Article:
Fenestration: Mid-Door Spaces

Expanding the Exterior Footprint & Beyond

by Josh Bradley, director of marketing, GKD Metal Fabrics

(Editor’s Note: GKD offers architects the ability to create dynamic, modern environments that address numerous building challenges.  Drawing on more than 95 years of German engineering excellence and precise American manufacturing, GKD revolutionized the category of metal fabric applications.  With thousands of interior and exterior installations constructed worldwide, architects and specifiers recognize GKD as the metal fabric authority.  For more information on architectural exteriors, visit www.gkdmetalfabrics.com or call (800) 453-8616.)

We want protection from buildings, but in the age of COVID-19, the outdoors has become society’s new sanctuary.  The upside is that nature makes us our best versions of ourselves.  The American Society of Landscape Architects lists more than 22 health benefits of nature for children and adults, referencing medical studies that have found that direct exposure to nature have measured short-term and long-term benefits to mental and physical health and improve cognitive function, making immersion in the outdoors essential in healthcare, workplace, and educational settings.

         For this reason, architects are seeking new ways to create or enhance outdoor spaces in commercial buildings.  Especially in this unprecedented pandemic year, when interior renovations have turned to exteriors and an examination of whether a business has the physical space to make improvements outside.  And, if not, how can adjacent exterior spaces be adapted for this new design objective?  A new charge for architects now and in the coming years will be expanding the footprint of usable space to the outdoors, a trend with potential to impact all building types and markets.

         “Now more than ever, public spaces are poised to become the grand lobbies and public waiting rooms of our neighborhoods and cities,” said Michael Wagner, Gensler.  “At a time when crowds will be metered and access controlled like never before, public space is where people will spend a lot of time, waiting and doing all the things people do when they’re idle.”

         Buildings with atriums, overhangs, and semi-enclosed spaces provide enhanced access to these extended outdoor spaces.  These mid-door spaces, a term coined by Transsolar’s Erik Olsen in his series What is Indoors? for Fast Company, also provide biophilic benefits fundamental to human performance while delivering a flexible program rife with daylight, ventilation, and naturally filtered and humidified air.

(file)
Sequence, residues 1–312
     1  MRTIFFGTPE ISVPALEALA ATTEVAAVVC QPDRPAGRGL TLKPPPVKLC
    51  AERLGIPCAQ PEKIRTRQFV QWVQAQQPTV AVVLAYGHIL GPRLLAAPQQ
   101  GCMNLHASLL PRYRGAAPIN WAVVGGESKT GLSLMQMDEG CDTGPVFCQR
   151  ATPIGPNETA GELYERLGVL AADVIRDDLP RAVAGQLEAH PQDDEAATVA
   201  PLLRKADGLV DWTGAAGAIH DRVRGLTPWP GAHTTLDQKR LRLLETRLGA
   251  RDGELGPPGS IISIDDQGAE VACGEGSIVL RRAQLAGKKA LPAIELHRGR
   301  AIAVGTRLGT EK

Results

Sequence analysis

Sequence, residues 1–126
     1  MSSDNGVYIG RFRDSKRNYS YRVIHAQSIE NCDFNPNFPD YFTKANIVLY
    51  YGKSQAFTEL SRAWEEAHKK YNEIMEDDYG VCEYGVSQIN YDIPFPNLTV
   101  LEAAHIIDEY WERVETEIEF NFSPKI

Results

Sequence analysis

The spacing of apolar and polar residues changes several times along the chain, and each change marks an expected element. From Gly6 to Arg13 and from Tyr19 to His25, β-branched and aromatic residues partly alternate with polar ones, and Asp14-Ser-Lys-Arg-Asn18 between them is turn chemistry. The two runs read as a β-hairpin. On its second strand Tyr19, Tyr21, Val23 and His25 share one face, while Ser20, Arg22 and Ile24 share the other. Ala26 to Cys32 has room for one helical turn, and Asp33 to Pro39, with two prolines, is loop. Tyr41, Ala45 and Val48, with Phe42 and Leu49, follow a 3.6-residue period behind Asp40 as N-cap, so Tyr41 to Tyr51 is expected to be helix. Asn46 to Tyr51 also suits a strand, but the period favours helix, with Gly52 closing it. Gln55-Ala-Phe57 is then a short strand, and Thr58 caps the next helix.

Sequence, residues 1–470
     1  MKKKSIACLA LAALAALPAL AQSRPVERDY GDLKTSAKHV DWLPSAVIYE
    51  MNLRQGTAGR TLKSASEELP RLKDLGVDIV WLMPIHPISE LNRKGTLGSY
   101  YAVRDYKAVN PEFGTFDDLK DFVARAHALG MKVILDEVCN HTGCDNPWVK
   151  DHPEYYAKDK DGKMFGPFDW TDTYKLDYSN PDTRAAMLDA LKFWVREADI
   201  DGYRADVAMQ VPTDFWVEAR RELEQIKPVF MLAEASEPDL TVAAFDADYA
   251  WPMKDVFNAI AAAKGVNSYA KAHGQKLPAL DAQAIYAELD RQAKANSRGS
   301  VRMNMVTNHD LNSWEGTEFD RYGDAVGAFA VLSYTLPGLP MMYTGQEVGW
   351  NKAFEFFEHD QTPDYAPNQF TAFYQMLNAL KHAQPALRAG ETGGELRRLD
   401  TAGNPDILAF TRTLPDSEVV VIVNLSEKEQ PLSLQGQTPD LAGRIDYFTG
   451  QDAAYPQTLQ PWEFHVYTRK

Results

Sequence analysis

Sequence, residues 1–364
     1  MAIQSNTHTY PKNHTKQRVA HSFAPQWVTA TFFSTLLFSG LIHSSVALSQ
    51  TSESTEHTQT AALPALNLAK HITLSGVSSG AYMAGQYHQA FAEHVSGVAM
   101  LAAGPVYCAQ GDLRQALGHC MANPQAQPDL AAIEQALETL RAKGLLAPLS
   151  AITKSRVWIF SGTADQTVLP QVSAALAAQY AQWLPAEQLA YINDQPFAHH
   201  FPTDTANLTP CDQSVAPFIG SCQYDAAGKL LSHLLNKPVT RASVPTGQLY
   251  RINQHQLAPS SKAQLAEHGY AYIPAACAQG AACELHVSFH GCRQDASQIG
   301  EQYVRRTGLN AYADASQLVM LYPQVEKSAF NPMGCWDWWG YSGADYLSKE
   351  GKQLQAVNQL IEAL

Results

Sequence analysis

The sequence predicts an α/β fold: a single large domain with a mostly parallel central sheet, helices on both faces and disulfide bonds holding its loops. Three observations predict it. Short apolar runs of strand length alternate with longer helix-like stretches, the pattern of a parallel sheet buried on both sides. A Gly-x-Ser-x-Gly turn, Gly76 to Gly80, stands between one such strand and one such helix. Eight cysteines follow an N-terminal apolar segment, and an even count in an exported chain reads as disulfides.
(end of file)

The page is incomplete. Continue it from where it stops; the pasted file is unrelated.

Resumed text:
On the coattails of companies like Amazon, many workplaces are adopting this approach to their facilities.  For example, C3, a Gensler spec project in Los Angeles, California, transforms the border between an office building and a parking structure into a curated series of outdoor spaces.  In environments like this, where building materials must maintain a high level of both performance and aesthetic, metal fabric is an ideal material for expanding the exterior footprint of existing buildings.  In addition to its modern look and customization options, metal fabric brings performance characteristics such daylighting ability and providing natural ventilation, safety, and security.  

         Airport design is also evolving to make the passenger journey more of a semi-permeable experience, said Wagner, pointing to JFK’s JetBlue® Terminal Five, which weaves a new outdoor dining roof terrace into the design.  Outfitting rooftops as double duty assets means that organizations don’t necessarily need to have acres and acres of green space in order to realize the benefit of providing outdoor amenity spaces.  In this case, metal mesh may be designed to include railings, balustrades, and gabions for rooftop lounges or restaurant terrace spaces without obstructing views. 

         In addition to fall protection, metal mesh can secure a semi-permanent perimeter for after hours.  GKD Metal Fabric’s collaboration with CornellCookson resulted in a sleek security product called SteelWeave.  This metal mesh grill combines GKD fabric with CornellCookson roller shutter technology for elegant theft protection in retail, restaurant, and hospitality settings.

         With current health and safety precautions encouraging socially distanced, outdoor activities, architects are exploring sunshades, overhangs, and other ceiling structures to hover above and define an exterior space.  Metal mesh provides a flexible design solution that can adapt to the design of outdoor spaces depending on factors such as location, exposure to sun, moisture, and other elements.  However, architects do not have to compromise on aesthetics, as there are multiple customization options using a wide variety of finishes, weaves, and metal alloys.

         Lastly, and perhaps most convincingly for developers and urban planners, there is a sound business case for developing and providing outdoor amenities, at least in a corporate setting.  “Research has shown that in the corporate setting, being outdoors is the least expensive place to invest in per square foot, and it doesn’t cost a lot compared to the building,” said Kirt Martin, vice president of marketing and design for Landscape Forms®, the authority on creating outdoor spaces.  “Those spaces tend to be overlooked but are really critical to the human experience and to people.”  

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